Sermon shared by Joel Pankow
Summary: a verse by verse commentary of Psalm 23
Audience: Believer adults
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August 13, 2000 Psalm 23:1-6
Today we are going to look at one of the most comforting - and definitely the most well known psalm in the Bible - the 23rd psalm. There is so much to this psalm - it is impossible to do justice to it in a twenty minute sermon. So instead of trying to split it into two or three parts or topics - I am going to try something a little different - and just read the text and give a running commentary on it with help from Luther. (Hopefully my homiletics professor doesnít decide to visit this morning.) So letís begin -
1 A psalm of David.
This was a psalm of David. David is someone whom most of us can associate with very well. He knew what it was like to be a lowly servant - as he served as a shepherd of literal sheep. He knew what it was like to be on the top of the social ladder - being the king and shepherd of thousands of human sheep - the Israelites. He knew what sin was all about - having committed murder and adultery. He was a brilliant fighter and an excellent musician as well. Maybe thatís why most of us know the story of David so well. We can all associate with him in some way. He was a man who had a vast array of experience. This seems to be a prerequisite nowadays for well known ďspeakers.Ē People like to listen only to people who have had some out of the ordinary experiences. It should be enough to know that this is the Word of God. But such is the human spirit - we wonít listen unless we feel it is applicable to ME. God knows this. So in His mercy he tells us that this psalm was inspired through David. When we see that David wrote this psalm through inspiration of the Holy Spirit - our sinful ears are more apt to perk up immediately.
The LORD is my shepherd, I shall not be in want. 2 He makes me lie down in green pastures, he leads me beside quiet waters, 3 he restores my soul.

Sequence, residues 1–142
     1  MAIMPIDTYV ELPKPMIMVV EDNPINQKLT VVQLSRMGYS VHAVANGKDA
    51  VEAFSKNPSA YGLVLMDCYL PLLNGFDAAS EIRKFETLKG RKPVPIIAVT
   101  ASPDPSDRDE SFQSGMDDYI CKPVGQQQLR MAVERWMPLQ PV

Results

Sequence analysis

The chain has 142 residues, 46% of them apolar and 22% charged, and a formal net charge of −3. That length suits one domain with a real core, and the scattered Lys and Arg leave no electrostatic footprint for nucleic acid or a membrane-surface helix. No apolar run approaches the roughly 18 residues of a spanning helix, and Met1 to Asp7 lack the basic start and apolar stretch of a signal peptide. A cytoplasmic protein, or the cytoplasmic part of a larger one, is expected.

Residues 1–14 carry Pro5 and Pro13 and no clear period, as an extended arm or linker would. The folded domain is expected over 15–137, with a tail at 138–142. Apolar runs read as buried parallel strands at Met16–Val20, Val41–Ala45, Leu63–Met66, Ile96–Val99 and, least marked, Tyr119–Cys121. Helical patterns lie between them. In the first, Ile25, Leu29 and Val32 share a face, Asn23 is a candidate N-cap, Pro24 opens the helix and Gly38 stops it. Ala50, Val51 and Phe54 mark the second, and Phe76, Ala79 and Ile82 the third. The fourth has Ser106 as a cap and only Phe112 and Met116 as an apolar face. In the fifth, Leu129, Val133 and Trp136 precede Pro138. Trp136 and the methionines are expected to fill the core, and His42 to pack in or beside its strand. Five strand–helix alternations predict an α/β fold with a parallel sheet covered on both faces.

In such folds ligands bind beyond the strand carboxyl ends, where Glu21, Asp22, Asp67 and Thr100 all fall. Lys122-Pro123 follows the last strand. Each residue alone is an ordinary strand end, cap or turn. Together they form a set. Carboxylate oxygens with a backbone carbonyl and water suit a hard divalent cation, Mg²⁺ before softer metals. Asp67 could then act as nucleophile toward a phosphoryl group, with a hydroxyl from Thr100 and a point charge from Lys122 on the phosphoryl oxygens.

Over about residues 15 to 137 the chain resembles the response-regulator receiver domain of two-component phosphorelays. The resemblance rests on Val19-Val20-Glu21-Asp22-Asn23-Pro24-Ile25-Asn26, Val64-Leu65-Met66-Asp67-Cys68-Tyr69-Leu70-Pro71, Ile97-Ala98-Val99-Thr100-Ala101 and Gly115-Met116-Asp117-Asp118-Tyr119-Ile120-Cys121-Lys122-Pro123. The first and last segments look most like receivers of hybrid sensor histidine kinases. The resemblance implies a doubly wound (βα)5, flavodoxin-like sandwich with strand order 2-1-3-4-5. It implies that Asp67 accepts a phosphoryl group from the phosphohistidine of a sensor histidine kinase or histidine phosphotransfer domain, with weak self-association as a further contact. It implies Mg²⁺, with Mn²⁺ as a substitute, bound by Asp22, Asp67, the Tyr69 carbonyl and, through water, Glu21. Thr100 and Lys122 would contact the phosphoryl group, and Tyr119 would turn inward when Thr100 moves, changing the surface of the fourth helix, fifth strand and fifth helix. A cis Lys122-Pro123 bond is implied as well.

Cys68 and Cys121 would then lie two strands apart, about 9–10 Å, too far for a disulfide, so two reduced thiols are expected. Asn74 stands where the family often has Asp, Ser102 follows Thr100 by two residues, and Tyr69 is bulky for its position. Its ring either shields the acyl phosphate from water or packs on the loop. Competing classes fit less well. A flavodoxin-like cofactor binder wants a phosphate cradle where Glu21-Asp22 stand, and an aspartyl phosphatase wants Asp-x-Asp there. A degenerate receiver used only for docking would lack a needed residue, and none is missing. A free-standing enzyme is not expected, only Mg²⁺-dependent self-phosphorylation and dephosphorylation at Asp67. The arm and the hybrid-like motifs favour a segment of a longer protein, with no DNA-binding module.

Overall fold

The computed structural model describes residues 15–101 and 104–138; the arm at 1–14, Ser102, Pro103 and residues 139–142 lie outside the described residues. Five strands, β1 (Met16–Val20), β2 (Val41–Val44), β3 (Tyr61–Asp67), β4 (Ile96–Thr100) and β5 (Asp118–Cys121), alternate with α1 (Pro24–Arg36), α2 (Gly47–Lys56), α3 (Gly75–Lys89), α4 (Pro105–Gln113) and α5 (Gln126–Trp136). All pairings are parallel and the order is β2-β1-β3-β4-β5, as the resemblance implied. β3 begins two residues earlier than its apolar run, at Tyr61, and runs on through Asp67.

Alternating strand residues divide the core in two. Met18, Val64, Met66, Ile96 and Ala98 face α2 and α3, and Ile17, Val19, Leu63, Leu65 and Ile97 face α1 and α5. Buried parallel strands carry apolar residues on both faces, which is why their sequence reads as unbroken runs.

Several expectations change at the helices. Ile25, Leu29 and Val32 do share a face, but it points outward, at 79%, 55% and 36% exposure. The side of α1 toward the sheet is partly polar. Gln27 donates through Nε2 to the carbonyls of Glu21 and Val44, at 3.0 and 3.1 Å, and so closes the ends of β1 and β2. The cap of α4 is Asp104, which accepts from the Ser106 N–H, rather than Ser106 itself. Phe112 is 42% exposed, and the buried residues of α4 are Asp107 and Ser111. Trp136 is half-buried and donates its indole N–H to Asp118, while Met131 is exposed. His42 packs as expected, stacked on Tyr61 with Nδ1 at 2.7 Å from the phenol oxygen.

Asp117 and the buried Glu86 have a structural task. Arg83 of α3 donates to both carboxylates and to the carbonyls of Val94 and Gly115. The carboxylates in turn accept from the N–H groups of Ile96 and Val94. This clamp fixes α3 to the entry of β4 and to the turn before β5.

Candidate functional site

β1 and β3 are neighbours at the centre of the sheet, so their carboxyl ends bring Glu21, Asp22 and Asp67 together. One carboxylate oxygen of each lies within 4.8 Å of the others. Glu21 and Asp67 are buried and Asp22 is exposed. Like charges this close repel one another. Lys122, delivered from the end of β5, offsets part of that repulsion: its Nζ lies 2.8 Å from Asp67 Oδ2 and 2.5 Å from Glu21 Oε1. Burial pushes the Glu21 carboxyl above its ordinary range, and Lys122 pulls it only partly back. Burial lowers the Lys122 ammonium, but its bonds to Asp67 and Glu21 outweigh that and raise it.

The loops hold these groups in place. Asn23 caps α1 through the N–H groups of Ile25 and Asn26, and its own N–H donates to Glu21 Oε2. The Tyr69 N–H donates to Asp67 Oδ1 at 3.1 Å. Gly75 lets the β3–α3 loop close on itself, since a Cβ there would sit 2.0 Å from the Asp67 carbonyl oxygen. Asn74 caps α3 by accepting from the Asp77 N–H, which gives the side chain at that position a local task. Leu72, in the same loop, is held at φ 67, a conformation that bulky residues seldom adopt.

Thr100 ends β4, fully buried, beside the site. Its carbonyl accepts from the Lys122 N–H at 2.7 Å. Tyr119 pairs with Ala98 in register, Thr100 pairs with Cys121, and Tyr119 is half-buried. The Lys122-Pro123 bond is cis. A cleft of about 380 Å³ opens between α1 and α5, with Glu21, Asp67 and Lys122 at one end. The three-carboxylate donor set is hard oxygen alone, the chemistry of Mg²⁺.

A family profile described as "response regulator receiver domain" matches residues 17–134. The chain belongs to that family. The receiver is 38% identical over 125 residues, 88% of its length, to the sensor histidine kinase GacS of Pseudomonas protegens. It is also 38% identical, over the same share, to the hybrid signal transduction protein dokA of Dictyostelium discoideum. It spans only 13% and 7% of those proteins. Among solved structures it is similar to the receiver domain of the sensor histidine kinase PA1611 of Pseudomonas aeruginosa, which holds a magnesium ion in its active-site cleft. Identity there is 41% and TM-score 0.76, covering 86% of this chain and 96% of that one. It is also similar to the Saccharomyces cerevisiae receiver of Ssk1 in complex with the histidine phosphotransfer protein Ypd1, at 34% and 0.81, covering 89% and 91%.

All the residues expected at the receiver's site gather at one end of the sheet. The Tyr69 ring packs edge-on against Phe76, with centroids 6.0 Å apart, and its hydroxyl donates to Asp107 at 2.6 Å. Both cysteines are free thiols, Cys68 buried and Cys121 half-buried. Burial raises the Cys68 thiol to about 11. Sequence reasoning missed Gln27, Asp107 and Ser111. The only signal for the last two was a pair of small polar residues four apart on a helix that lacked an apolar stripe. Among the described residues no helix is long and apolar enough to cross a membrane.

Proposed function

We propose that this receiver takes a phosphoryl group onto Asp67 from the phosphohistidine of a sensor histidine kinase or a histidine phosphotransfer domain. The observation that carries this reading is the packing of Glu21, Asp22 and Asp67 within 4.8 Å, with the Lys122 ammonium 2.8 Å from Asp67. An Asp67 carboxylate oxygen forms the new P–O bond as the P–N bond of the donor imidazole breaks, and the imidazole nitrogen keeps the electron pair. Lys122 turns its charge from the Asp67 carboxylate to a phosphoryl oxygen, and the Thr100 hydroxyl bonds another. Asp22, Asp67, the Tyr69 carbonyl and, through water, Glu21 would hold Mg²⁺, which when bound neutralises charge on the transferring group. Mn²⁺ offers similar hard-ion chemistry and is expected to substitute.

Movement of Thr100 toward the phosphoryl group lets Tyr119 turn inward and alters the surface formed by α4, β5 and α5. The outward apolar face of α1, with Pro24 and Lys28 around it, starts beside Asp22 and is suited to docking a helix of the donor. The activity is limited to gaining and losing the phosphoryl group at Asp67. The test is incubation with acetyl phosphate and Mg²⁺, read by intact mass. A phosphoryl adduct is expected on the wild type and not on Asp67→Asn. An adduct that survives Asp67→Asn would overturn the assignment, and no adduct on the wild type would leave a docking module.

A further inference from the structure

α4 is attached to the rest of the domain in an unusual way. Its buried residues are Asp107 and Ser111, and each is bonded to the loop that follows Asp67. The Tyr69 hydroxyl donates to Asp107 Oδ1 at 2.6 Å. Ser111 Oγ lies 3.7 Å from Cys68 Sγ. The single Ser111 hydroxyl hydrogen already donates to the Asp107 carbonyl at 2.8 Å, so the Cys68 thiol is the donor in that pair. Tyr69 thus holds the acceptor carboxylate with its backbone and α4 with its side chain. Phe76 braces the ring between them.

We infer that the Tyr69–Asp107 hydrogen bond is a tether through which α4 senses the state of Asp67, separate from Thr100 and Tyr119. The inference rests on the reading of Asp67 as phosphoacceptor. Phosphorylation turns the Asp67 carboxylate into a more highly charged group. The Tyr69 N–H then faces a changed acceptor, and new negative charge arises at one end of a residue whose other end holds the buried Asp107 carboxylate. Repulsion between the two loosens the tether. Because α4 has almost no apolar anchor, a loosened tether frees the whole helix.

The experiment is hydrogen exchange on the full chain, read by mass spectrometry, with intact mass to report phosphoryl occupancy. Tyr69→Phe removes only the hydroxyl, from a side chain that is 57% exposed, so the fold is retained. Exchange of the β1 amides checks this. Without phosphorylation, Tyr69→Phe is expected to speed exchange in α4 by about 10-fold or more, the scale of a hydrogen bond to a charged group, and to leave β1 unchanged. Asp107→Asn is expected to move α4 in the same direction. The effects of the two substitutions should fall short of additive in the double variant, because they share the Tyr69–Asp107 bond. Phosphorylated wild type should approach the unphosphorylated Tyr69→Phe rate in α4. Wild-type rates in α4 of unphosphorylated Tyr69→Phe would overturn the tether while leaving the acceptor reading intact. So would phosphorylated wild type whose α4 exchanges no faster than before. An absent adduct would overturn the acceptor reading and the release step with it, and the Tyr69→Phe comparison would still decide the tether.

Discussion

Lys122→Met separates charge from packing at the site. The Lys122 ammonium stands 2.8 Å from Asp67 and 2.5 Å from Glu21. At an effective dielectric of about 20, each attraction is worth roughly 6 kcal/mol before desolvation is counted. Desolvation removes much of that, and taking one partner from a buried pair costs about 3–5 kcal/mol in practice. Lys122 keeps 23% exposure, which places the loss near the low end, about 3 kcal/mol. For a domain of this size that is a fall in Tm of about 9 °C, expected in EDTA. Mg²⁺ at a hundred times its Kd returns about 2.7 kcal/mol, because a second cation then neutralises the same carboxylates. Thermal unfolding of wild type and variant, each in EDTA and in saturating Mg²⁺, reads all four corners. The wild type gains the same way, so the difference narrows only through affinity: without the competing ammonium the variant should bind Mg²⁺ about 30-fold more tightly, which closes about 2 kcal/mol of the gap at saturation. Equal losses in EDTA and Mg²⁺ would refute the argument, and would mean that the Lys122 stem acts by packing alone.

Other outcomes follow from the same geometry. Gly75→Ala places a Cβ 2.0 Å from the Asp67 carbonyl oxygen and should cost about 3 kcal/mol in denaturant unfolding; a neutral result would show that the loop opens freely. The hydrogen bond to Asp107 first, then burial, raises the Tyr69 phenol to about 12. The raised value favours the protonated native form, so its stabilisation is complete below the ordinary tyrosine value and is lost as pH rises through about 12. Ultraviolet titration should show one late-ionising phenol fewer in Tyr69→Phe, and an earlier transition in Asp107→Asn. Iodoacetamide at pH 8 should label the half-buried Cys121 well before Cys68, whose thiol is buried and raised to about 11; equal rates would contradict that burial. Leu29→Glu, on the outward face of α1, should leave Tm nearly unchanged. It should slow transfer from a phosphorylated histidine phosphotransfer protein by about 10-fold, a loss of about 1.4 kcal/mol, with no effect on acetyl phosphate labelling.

What a peaceful picture! David, the shepherd of sheep - said that the LORD was his shepherd. Notice the word is spelled in capitals. This stands for the ever constant God - the one who had consistently been there for the Israelites - mercifully saved them from their slavery to the Egyptians - led them through the desert - and brought them into the Promised Land. Jesus identified Himself to be that Shepherd. David knew that this LORD was his shepherd. We couldnít ask for a better shepherd.
Isnít that a neat term? Other Scriptures refer to God as our Rock and our Fortress. These are comforting indeed. We can find shelter behind rocks and fortresses from the enemy. For those of you who have owned a ďpet rock,Ē you realize that you canít hold a very interesting conversation with a rock. A rock canít feed you or clothe you. A rock is cold and impersonal - strong as it is. But when David says the Lord is His shepherd - what a comforting illustration this is! Our Lord is a living and personal God - one who carries us in his arms - searches for us when we are lost - and takes a personal interest in us!
How does this shepherd provide for us? He lets us lie down in green pastures and leads us beside quite waters! For a natural sheep nothing can be better than when its shepherd feeds it in pleasant green pastures and near fresh water. Where that happens to it, it feels that no one on earth is richer and more blessed than it is. Notice what the shepherd allows us to do. Not just
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